For many women, our hair is a vital part of who we are and the persona that we present to the world. It’s a symbol of our femininity and something we enjoy styling in our own personal fashion and showing off to others. Many people who suffer from cancer and undergo chemotherapy treatment must give up their hair in exchange for their lives, but it’s hard to imagine a woman shaving her head on purpose. And it’s even harder to imagine two young girls who don’t have cancer shaving their heads of their own free will as well.
But that’s exactly what 10-year-old Kayla and 7-year-old Sophia did in a beautiful act of solidarity for their mother, Joanna McPherson, who was undergoing chemotherapy treatment for breast cancer.
Joanna, a mother of four and an Air Force colonel, is the epitome of female strength and determination. She was diagnosed with HER2+ breast cancer and traveled to Texas for surgery before beginning chemotherapy treatment. She was open and honest about her treatment with her four daughters and warned them that she may lose all of her hair while undergoing chemo.
While she was gone for surgery, Joanna’s middle two daughters, Kayla and Sophia, got the idea to shave their heads so that their mother wouldn’t have to go through it alone. They ran their plan to shave their heads past their dad first, intending for it to be a surprise for Joanna, but he cautioned them to get her approval first.
When she first heard of the idea, Joanna was against it, believing that the girls would soon lose interest in the plan they seemed so excited about for the moment.
“I was caught off guard,” recalls Joanna. “First, that they were considering it and second, that half of the authorizing agents of the home had already approved this decision. I said ‘Wow! That is very sweet, but I don’t think that you understand what you are asking to do.'”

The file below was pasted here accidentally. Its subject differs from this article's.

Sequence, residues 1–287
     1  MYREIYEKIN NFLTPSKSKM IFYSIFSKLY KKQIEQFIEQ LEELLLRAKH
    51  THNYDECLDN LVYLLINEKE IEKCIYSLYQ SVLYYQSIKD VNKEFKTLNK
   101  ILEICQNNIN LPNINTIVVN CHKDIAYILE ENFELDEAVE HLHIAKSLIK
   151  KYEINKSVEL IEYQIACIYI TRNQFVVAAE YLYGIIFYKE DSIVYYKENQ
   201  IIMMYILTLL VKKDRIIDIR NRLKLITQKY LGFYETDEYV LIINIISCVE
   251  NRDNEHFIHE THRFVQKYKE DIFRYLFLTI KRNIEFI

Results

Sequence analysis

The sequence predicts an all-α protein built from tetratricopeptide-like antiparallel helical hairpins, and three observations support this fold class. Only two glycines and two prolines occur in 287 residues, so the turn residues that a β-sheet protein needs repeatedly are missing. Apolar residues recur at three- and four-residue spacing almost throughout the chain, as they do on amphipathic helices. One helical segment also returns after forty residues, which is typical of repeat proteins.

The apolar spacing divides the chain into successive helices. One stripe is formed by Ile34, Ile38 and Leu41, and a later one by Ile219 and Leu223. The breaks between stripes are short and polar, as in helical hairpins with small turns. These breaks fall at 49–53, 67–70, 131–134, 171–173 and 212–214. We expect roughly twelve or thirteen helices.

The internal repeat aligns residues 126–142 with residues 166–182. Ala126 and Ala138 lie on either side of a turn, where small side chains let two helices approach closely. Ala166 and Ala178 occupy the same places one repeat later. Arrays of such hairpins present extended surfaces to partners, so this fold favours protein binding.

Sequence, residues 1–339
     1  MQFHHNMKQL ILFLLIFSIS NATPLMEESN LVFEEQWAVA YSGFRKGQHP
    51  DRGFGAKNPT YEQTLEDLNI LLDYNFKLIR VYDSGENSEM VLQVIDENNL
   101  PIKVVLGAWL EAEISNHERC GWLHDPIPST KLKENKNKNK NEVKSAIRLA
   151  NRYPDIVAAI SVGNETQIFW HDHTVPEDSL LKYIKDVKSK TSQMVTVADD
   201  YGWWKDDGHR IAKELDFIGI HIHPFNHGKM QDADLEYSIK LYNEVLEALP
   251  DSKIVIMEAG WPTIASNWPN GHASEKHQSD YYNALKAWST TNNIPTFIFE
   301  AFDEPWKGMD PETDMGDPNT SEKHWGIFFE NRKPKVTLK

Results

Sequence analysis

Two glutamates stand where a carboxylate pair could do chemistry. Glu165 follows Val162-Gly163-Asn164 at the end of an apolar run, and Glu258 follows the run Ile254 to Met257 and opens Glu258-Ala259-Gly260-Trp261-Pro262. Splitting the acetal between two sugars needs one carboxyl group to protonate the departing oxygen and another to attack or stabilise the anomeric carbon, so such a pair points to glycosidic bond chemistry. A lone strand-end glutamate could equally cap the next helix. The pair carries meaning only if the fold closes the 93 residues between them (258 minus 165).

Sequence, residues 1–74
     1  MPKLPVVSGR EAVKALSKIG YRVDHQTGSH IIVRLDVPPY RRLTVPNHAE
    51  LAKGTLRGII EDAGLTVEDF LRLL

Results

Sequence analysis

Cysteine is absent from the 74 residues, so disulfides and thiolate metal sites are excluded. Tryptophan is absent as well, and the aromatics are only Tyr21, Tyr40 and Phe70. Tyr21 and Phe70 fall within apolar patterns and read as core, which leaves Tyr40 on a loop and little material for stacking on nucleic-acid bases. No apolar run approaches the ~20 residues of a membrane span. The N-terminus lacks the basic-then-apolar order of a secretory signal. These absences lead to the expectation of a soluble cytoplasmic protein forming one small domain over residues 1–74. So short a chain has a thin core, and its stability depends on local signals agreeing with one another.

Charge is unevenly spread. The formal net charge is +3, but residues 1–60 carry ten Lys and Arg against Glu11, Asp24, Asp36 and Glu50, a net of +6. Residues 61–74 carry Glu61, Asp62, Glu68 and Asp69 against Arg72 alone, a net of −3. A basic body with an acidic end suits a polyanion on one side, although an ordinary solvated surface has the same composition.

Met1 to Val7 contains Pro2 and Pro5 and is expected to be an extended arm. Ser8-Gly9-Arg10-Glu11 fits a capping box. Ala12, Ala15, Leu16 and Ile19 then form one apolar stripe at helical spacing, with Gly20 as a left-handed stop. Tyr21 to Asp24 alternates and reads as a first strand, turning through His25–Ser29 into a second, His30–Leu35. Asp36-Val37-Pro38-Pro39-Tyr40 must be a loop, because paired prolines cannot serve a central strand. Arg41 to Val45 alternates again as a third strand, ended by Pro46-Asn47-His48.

Joanna told the girls she would think about it and tried persuading them to do something less drastic instead, such as piercing their ears or dying their hair. She made sure to mention that they might get teased by other kids, and she was very clear in articulating that it was okay for the girls to support her in other ways besides shaving their heads.
But eight weeks later, when Joanna finally got sick of constantly losing little chunks of hair and decided to shave it all off, the girls insisted that they were going to do it too.
And so they did. The family made a big event out of it and even got the video camera out while Shawn, the girls’ father and Joanna’s husband, shaved each of the girls’ heads in turn.
“It was really just a gesture of love,” says Joanna, “And even though they’re young and it seems like a big decision for a young kid to make, it was out of love.”
Despite their tender ages, the girls have been very mature about their decision to shave their heads. “The outside doesn’t matter,” says Kayla. “It’s what’s on the inside that counts but you still get judged, so if my mom were to get judged by her being bald I don’t want her to be the only one.”
Joanna believes it was a good choice to allow her girls to shave their heads and thinks it may have helped them process the difficulty of having a mother diagnosed with cancer.
“It’s very difficult to see a loved one go through pain and just a lot of body changes that they can’t control,” says Joanna. “This was one way they could not only share that with me, but maybe manage some of what they were experiencing themselves.”
Check out the video below to learn more about this family’s beautiful story and watch the girls get their heads shaved!
Elizabeth Nelson is a wordsmith, an alumna of Aquinas College in Grand Rapids, a four-leaf-clover finder, and a grammar connoisseur. She has lived in west Michigan since age four but loves to travel to new (and old) places. In her free time, she. . . wait, what’s free time?